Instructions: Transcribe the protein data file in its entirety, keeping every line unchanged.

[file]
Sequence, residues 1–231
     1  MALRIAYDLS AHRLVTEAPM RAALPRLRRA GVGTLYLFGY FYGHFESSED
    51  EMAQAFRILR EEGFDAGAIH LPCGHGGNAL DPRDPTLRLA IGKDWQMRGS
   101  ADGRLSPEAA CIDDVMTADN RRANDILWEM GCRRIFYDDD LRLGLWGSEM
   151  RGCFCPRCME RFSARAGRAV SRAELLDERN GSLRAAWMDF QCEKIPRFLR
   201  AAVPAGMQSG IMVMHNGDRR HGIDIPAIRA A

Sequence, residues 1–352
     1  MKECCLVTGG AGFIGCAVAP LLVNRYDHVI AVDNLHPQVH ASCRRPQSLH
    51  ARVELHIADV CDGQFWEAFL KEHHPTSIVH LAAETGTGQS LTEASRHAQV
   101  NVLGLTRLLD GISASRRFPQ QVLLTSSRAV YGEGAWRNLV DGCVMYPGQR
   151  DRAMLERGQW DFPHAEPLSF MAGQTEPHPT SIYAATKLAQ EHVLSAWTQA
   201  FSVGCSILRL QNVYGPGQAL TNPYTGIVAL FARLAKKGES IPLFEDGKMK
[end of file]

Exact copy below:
Sequence, residues 1–231
     1  MALRIAYDLS AHRLVTEAPM RAALPRLRRA GVGTLYLFGY FYGHFESSED
    51  EMAQAFRILR EEGFDAGAIH LPCGHGGNAL DPRDPTLRLA IGKDWQMRGS
   101  ADGRLSPEAA CIDDVMTADN RRANDILWEM GCRRIFYDDD LRLGLWGSEM
   151  RGCFCPRCME RFSARAGRAV SRAELLDERN GSLRAAWMDF QCEKIPRFLR
   201  AAVPAGMQSG IMVMHNGDRR HGIDIPAIRA A

Sequence, residues 1–352
     1  MKECCLVTGG AGFIGCAVAP LLVNRYDHVI AVDNLHPQVH ASCRRPQSLH
    51  ARVELHIADV CDGQFWEAFL KEHHPTSIVH LAAETGTGQS LTEASRHAQV
   101  NVLGLTRLLD GISASRRFPQ QVLLTSSRAV YGEGAWRNLV DGCVMYPGQR
   151  DRAMLERGQW DFPHAEPLSF MAGQTEPHPT SIYAATKLAQ EHVLSAWTQA
   201  FSVGCSILRL QNVYGPGQAL TNPYTGIVAL FARLAKKGES IPLFEDGKMK